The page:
Now that Prof CNR Rao has audited Indiaís political commitment to science, gauged by the niggardly budgets available for research, there is a temptation to audit Prof Rao himself. The prospect is especially attractive since he apparently lashed out at the political gatekeepers of research funding immediately after he was awarded the Bharat Ratna. But temptation must be tempered by reason. Raoís speech may have been uncharacteristically intemperate and the timing less than perfect, but he has spoken the truth. Besides, had he spoken out before the Bharat Ratna, it would not have had the same impact. Rao numbers among the minority of Indian scientists who invest their lives in their own country, resisting the lure of bigger research budgets, wider interests and a livelier intellectual environment in European and American campuses. While physicists are perceived as elite, Rao is a chemistóthe other two Bharat Ratnas for science have gone to CV Raman and APJ Abdul Kalam, both physicists, though the latter worked in aerospace engineering. Rao is among the most widely published and cited scientists, has contributed significantly to materials science, especially in the potentially valuable area of high temperature superconducting, and heads the Prime Ministerís Scientific Advisory Council.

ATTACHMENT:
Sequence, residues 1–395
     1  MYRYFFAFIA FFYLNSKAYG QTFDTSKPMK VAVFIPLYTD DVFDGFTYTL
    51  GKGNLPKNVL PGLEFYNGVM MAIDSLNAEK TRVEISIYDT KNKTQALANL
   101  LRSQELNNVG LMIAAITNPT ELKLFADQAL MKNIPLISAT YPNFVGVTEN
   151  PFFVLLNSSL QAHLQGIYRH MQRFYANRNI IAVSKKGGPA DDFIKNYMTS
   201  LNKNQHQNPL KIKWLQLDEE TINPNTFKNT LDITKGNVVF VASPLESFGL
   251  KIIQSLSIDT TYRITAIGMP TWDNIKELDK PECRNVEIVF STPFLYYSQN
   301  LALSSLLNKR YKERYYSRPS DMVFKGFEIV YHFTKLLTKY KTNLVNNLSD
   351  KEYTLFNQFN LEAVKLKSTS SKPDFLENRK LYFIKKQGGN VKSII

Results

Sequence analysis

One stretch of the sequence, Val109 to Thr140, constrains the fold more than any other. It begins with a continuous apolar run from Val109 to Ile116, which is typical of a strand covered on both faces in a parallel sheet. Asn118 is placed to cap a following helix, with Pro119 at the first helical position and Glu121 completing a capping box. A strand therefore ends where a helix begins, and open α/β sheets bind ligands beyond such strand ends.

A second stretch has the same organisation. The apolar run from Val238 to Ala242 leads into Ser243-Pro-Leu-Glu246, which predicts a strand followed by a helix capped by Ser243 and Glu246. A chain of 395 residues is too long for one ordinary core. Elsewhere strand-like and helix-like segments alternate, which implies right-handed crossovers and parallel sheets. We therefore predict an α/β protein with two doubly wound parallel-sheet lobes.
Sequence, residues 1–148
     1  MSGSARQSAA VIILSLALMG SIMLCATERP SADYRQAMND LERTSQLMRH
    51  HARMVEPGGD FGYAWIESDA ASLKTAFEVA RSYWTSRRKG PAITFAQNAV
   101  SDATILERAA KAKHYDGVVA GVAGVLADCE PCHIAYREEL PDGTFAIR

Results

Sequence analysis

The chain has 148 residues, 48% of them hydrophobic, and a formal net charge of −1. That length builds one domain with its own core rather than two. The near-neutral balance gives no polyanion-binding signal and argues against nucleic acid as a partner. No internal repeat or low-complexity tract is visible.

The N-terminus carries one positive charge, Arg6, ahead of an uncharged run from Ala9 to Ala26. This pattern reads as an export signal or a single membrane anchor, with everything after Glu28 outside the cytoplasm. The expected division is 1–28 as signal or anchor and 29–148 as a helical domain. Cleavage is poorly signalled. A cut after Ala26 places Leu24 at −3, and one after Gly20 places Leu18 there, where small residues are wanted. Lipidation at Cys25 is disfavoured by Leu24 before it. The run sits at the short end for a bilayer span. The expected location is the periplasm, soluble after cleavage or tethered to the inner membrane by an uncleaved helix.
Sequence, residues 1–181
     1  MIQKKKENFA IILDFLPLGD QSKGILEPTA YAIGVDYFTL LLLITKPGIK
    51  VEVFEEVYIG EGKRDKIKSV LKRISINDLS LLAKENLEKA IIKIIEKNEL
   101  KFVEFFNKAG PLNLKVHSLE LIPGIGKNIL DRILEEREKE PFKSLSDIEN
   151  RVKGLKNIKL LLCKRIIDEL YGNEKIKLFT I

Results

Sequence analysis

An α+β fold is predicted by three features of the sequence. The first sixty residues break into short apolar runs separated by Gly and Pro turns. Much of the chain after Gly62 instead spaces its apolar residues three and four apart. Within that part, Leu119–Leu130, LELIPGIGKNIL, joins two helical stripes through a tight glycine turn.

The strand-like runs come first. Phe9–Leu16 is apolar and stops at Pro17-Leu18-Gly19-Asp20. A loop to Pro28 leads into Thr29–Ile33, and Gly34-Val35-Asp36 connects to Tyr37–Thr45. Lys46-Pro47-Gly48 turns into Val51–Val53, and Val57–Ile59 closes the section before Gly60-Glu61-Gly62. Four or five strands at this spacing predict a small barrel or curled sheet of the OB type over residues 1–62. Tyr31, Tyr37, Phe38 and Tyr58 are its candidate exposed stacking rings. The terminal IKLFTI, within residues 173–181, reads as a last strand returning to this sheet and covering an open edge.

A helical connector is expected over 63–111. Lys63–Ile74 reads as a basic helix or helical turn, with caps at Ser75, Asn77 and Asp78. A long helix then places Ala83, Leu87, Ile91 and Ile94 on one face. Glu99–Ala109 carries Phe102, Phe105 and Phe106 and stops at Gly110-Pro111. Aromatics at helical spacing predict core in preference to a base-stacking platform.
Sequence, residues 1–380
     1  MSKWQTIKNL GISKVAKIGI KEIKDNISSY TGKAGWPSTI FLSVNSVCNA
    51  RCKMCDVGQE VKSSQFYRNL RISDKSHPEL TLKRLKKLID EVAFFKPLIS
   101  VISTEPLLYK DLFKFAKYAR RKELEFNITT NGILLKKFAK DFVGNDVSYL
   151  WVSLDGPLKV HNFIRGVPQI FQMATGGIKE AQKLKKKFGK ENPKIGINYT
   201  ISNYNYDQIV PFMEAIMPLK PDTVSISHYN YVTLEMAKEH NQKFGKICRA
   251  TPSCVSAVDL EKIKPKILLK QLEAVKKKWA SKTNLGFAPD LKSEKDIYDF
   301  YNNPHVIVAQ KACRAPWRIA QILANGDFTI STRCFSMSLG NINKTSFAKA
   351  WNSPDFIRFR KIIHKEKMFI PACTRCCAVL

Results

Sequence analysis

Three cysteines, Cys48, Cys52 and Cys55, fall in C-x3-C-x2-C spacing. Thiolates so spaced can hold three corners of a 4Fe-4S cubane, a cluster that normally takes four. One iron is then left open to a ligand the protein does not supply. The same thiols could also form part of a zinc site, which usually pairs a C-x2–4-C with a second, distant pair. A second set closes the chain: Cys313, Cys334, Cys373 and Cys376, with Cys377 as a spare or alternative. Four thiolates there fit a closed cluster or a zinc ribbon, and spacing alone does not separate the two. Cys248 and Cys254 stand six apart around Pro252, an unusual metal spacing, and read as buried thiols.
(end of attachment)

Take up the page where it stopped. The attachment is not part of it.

An audit of Rao could be restricted to a single question: what does it mean for India if, despite his proximity to political authority, he must still protest publicly that too little is being invested in science? And if the investment is focused on bang for buck science, is India constraining its own future? These are questions not only for government but also for private enterprise and partnerships between them. It is universally recognised that for science to deliver full commercial, political and social value, investment in it must be disinterested and open-ended, not focused on immediate deliverables. But the political masters of Indian science are yet to appreciate this delightful paradox.